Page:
In former generations this mystery was not made known to humankind, as it has now been revealed to his holy apostles and prophets by the Spirit: that is, the Gentiles have become fellow heirs, members of the same body, and sharers in the promise in Christ Jesus through the gospel.

The biggest struggle was this: most of the first leaders of the church, like those in the mother church in Jerusalem, taught that Gentiles should become Jews in order to follow Jesus. They should be circumcised and stop eating prawn cocktails and bacon sandwiches. The way to Christ was strictly through the covenant God had made with Israel. The Apostle Paul on the other hand taught differently. Paul taught that the covenant God had made with the Jewish people had become an open covenant in Christ. It was a new covenant, available to all who received it in faith. Gentiles were welcome as Gentiles. And this was really controversial. 

There’s no problem now, of course. As far as I know, I’m 100% Gentile. And I suppose many of you are. We don’t think at all about having to become a Jew if we’re going to be a Christian. 

Paul’s way, ‘his gospel’, encountered lots of opposition. But he won through and the church became a mixed body of Jews and Gentiles. Paul’s Gospel won so completely we’ve forgotten it wasn’t always this way. 

Continue reading

Leave a comment

Filed under church year, Epiphany, sermon, sexuality

Open Doors

Reading
Revelation 21.10, 21.22 — 22.5

 

…if one reads this text with an ear for its ecclesiological significance—taking the new Jerusalem (as did the early Christians) as a metaphor for the church—then one is immediately struck by the fact that the community of the faithful is not regarded as trapped in the fallen, corrupt world of human experience. Rather, it is already part of the new heaven and earth that God will bring to completion at the end of time—the new creation that brings the first creation to its perfection. — Joseph H Britton, Feasting on the Word, Year C Vol. 2

Instead of solitary individuals judging other human souls to damnation, I believe God would prefer a much different path: mutuality. The desire to go on such a journey is no delusion; instead, it is the proper desire of every human being to realise what it means to be mutually human in the presence of the living God. — Michael Battle, Heaven on Earth

———————-

Today’s reading from Revelation speaks of a holy city, the New Jerusalem, coming down to earth. What do you imagine when you think of that? I imagine lots of office blocks and streets with shopping precincts. 

But remember: the Book of Revelation is a vision and not a prophecy. It doesn’t tell us what is going to happen in the future, but it calls us to ‘imagine’. The imagined city of John’s vision is unlike any you’ve ever seen. For a start, it’s a cube, not an office block in sight. It’s a cube 2400 km long, 2400 km wide, and 2400 km high. It has walls; the ancients couldn’t imagine a city without a wall. The walls of this city rise 66 metres, over twice the height of the Story Bridge.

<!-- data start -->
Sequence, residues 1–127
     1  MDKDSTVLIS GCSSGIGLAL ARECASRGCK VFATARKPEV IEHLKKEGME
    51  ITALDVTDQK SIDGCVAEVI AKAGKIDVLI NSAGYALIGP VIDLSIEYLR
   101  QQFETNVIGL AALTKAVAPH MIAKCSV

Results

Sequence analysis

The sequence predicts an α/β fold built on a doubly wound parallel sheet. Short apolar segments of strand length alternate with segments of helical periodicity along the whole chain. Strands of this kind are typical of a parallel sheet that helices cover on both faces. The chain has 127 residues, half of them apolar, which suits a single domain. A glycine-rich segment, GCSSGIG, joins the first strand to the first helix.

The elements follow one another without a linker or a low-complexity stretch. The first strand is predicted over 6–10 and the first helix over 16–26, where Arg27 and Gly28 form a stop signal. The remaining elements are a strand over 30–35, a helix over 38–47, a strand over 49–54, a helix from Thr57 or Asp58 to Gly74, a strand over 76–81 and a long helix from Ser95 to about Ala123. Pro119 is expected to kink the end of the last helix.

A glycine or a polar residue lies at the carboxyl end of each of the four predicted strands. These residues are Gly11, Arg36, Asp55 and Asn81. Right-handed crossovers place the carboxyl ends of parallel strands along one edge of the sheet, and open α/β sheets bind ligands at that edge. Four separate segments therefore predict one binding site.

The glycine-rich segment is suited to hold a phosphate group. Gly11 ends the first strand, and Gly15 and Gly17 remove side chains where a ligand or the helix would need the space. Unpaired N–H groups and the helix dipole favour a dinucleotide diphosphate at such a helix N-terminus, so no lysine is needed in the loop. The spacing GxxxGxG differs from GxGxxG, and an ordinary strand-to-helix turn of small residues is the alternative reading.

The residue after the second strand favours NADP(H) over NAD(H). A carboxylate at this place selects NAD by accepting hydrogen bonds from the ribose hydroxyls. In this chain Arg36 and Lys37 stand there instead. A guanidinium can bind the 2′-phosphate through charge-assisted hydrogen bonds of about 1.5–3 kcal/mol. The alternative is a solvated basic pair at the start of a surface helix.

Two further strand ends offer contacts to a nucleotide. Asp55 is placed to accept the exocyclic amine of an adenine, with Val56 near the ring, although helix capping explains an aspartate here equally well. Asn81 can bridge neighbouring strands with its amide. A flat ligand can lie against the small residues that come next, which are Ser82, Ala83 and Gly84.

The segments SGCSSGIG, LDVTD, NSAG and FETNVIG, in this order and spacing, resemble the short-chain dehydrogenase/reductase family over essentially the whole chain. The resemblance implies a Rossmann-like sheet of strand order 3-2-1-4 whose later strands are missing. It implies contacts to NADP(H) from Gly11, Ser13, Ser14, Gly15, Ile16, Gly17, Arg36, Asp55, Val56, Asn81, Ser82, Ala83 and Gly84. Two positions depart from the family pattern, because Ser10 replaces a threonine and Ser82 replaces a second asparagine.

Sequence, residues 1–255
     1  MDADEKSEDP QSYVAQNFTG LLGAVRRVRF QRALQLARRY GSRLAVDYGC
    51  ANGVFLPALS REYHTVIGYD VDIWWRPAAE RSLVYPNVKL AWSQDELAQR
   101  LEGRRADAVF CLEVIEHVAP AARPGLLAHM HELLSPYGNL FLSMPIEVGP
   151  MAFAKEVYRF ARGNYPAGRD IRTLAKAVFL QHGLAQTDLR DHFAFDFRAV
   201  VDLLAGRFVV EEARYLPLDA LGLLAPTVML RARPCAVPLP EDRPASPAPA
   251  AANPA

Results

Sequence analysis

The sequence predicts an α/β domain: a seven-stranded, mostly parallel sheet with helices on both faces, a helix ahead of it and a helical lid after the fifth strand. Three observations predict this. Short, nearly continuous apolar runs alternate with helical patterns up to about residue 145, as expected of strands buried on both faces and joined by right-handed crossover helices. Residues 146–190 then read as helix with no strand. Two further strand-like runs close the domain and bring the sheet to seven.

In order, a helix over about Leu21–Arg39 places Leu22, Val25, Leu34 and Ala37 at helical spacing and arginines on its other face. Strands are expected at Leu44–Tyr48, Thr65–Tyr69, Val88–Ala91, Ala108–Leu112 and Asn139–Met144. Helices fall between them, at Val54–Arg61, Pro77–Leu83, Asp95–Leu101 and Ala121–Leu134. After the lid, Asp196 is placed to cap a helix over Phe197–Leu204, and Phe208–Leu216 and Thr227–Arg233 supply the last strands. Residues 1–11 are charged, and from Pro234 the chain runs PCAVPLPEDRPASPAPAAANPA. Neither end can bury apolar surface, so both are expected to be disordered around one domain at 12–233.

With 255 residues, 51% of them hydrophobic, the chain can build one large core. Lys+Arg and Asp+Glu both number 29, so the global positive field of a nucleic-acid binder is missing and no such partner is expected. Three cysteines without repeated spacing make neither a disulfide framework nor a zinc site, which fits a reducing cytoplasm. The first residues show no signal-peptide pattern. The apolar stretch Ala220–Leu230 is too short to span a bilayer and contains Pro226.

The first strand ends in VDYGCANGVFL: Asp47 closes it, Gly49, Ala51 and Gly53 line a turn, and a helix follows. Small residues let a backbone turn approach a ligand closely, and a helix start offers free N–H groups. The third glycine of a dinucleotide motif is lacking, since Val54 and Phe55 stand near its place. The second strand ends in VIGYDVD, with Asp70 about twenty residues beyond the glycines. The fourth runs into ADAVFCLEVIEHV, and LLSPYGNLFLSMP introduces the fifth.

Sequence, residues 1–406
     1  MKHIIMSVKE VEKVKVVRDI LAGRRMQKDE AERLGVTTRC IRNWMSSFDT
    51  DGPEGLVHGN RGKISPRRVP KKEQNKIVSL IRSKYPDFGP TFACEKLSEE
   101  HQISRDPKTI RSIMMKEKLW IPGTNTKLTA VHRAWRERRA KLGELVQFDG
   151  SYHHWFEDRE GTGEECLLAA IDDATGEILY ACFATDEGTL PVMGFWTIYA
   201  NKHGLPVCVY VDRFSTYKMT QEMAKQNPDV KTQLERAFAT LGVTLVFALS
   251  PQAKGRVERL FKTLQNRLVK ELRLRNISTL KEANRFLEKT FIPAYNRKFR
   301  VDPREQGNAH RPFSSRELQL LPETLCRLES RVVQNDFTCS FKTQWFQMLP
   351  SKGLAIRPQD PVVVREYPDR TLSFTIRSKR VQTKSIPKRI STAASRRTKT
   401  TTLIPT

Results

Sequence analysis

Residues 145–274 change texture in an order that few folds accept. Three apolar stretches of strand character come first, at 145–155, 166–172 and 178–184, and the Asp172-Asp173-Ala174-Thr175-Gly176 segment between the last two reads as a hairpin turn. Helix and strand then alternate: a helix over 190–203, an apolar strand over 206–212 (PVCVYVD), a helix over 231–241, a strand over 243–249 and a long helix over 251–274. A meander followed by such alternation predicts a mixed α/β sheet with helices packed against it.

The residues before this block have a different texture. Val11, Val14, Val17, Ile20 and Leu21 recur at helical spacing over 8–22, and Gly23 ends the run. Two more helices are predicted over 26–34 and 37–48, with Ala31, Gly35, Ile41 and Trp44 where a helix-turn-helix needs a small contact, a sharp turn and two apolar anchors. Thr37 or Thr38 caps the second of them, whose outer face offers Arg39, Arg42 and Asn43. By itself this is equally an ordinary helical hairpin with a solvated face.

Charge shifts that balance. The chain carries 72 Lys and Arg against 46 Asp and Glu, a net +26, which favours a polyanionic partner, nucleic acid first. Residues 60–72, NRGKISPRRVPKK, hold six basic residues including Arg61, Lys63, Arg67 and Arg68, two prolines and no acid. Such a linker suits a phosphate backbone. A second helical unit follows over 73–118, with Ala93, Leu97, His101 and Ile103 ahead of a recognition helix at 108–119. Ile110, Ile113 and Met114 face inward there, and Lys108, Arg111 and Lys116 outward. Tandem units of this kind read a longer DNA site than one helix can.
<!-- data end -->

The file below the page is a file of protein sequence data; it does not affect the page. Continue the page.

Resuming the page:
Walls are commonplace, aren’t they? We see walls everywhere, though perhaps not walls quite so high. 

Australia continues to have high walls that prevent refugees from settling here. Since last weekend’s election, around fourteen men have attempted suicide on Manus Island and there is no end in sight to their horrible situation. And on Sorry Day, we must also acknowledge that indigenous people are prevented from joining the common wealth of this nation. It’s hard, perhaps getting harder, for our nation to face itself and look at who we have become. 

Does God like walls? Some Christians seem to think so. Israel Folau has erected a wall high enough to exclude anyone who isn’t straight, a wall that condemns them to hell. People have tried to make this a ‘freedom of speech’ issue. A neighbour of mine recently went to a conservative church conference where he heard that freedom of speech would be a major issue in the election last weekend. He was very keen on this; I asked him what responsibility these churches would take for young people who ended their lives because of the teaching that God has rejected them. To his credit, he just looked thoughtful and didn’t argue. 

Yet disputes on sexuality continue to prop up some very high walls. I had lunch with another Uniting Church minister during the week. A gay couple came to her service last Sunday, where they were welcomed. Sadly, the reason they were there was that their previous church had asked them to leave because they were in a same-sex relationship.

Not only are these walls high, but people are thrown over them. 

Continue reading

Leave a comment

Filed under Church & world, RCL, sermon, sexuality

We’ve got Marriage Equality, so why am I not satisfied?

Readings
Exodus 15.19-20; 16.1-3
Luke 15.1–3, 11b–32

Last Sunday we welcomed Pastor Alex Pittaway, who brought the message to us. Alex is Pastor of MCC, the Metropolitan Community Church in Brisbane—a church that has for 40 years been a safe haven for the LGBTIQ community. He is also recognised by the Uniting Church in Queensland as a Chaplain at Emmanuel College at the University of Queensland. Alex describes himself as a progressive evangelical and is passionate about Jesus, social justice, the environment and combating LGBTIQ bullying in schools.

It was a delight to have him with us. Here is his sermon:

___________________

Good morning. Would you pray with me? 

I’d like to start by thanking Ariel and Rev. Paul Walton for this invitation to speak here this morning. You have a wonderful congregation that has shined the light of the inclusive Gospel of Jesus for so many years not just for the LBGTIQ community but anyone who has experienced marginalisation for so many years.